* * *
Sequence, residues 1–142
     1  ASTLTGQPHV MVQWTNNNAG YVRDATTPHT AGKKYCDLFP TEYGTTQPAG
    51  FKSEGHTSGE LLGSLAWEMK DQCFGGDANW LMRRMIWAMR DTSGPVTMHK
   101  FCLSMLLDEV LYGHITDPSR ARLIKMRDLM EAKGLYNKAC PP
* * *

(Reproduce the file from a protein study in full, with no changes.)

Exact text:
Sequence, residues 1–142
     1  ASTLTGQPHV MVQWTNNNAG YVRDATTPHT AGKKYCDLFP TEYGTTQPAG
    51  FKSEGHTSGE LLGSLAWEMK DQCFGGDANW LMRRMIWAMR DTSGPVTMHK
   101  FCLSMLLDEV LYGHITDPSR ARLIKMRDLM EAKGLYNKAC PP